My Month on the Boulder Strip

The Boulder Strip gaming market is a division used by the Nevada Gaming Commission for a segment of the casino industry in Las Vegas Nevada. The region is named for the Boulder Highway which is the dominant highway in the region. It’s also a crazy place.

Boulder Strip “proper” is the area between Eastside Cannary and Boulder Station. Sam’s Town is in the middle of the Boulder Strip and is the area’s largest casino. There are a large number of extended stay motels scattered along the Boulder Strip.  The “Strip” area is represented by a large transient population. Its also a typically suburban neighbourhood which includes a Wal-Mart, McDonalds & Yum Brands (KFC, Taco Bell, Pizza Hut).  There’s a Starbucks in Boulder Station and another one at the corner of Tropicana & Boulder just south of the Strip.

I stayed for a month at Arizona Charlie’s and my daily average room rate was $26.87 from Hotels.com. I carried just over $9,000 in my backpack as I went about my day.  Each day I would encounter many beggars who were asking for change. The weekends are especially boisterous on the Boulder Strip as revealers fill the motel rooms. My plan was to complete training for the Las Vegas marathon by mid-month and then play promotions at Sam’s Town.

During the month of November, “B Connected” members, which is Boyd Gaming’s main players club, received $5 of freeplay for every 50 points earned on Thursday to Sunday at Sam’s Town.  This amounts to an extra 1% for video poker players.  This promotion alone put many video poker games at Sam’s Town over 100% including some higher denominations. On Friday and Sunday, video poker players also received 7X points.  This adds another 0.70% for video poker players.  The best game for me becomes “Progressive 9/6 Jacks or Better”.  This game at Sam’s Town is one of the best video poker games in the world. It has a the lowest variance and a high base game return. Due to the high volume of play, the progressive level almost always makes the base game return over 100%. I play with a $5,000 bankroll for quarters and a $20,000 bankroll for dollars. On quarters, this game yields 2.5 cents per hand. I play 400 hands per hour which pays $10 per hour which brings the overall bankroll yield to $160 per week at 16 hours per week or 160% annualized. Its a great rate of return, but its boring…

I encountered many prostitutes & pimps during my month on the Boulder Strip. Walking home one afternoon following dinner, I was asked if I would sell my leftover chicken. I saw a tattooed motor biker chase a guy on a pedal bike into a parking lot and disappear.  I watched a gun fight from 7-11 on the “corner” where a new batch of maniacs fight with each other every night.  I didn’t hit any royal flushes, but I did make friends with Kevin, who asks for change on the street, and who also receives $700 per month from the state of Nevada and is enrolled in Medicaid. It isn’t a lack of financial resources that keeps Kevin sleeping in shelters, his problem is he has no friends, poor relationships with his family, and a weak tolerance for temptation. Kevin relies on Jesus to help guide him and he hopes that one day he will be an entrepreneur.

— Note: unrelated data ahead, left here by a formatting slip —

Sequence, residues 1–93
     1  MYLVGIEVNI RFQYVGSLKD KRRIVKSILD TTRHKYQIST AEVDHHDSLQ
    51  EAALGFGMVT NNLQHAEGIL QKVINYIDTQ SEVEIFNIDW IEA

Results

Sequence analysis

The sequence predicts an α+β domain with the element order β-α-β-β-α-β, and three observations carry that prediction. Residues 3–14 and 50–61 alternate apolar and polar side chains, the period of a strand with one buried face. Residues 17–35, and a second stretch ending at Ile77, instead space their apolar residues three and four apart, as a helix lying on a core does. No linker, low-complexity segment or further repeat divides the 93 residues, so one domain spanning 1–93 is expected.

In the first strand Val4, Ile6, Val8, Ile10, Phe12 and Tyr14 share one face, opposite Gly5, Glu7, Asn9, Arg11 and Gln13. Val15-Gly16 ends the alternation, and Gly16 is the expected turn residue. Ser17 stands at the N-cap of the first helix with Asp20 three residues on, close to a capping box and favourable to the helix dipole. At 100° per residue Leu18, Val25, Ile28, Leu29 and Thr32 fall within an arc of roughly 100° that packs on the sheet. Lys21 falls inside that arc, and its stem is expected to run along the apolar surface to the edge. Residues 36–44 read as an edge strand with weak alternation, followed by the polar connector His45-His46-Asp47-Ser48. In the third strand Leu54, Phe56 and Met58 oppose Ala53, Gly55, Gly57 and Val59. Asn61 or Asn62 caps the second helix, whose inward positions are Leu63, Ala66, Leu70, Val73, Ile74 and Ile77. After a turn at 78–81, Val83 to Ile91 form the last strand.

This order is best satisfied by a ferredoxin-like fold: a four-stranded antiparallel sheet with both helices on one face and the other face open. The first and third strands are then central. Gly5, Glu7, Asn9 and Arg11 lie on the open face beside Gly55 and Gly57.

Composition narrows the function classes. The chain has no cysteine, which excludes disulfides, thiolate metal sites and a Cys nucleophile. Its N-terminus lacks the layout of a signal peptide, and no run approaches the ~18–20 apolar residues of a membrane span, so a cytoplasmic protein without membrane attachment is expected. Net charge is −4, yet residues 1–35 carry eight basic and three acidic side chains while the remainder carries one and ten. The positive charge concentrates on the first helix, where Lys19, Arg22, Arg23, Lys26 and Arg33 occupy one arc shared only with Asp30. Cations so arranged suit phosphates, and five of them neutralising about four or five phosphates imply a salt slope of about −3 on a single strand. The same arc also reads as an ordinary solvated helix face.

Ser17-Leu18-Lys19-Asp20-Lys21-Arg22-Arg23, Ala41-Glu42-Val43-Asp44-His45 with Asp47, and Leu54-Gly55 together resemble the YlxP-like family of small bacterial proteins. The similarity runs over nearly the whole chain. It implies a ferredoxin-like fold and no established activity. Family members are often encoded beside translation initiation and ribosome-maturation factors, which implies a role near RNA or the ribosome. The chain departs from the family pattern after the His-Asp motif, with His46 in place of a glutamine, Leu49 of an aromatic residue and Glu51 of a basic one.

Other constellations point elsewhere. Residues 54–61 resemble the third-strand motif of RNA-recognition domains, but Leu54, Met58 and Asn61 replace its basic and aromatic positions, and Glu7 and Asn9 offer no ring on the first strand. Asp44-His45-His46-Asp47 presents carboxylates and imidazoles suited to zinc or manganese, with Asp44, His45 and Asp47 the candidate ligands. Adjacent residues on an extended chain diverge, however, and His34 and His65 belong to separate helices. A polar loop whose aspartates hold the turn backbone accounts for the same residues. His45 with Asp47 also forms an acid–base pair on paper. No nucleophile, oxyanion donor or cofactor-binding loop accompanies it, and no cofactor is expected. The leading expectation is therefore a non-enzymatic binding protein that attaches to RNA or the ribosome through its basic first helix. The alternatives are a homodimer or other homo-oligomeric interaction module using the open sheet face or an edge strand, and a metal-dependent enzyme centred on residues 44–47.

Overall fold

Gambling and Homelessness

I was very disappointed to read an article published in the National Post referencing a study published in the Journal of Gambling Studies since the article misrepresents gambling addiction.  The National Post article, referenced below, implies that problem gambling is a cause of homelessness. This is a misrepresentation because the homeless are more likely to have all sorts of problem addictions including various drugs and alcohol.  Gambling is not a cause of homelessness, but gambling addictions are the outcome of the challenges that the homeless have.  Also, those who struggle with addiction are also much more likely to struggle with more than one addiction. The addictions are an outcome of other mental illness.

Articles such as the one published in the National Post imply that if we reduce gambling, then we can reduce homelessness. But this logic is flawed because it’s not gambling addictions that are causing homelessness, but rather, addictions or all sorts are the outcome of other mental illness which is the root cause of homelessness.

As per the two articles below, about 35% of the homeless are estimated to have had a gambling problem, but 50% of the homeless also have alcohol or other substance abuse. The addictions are an outcome of other mental illness.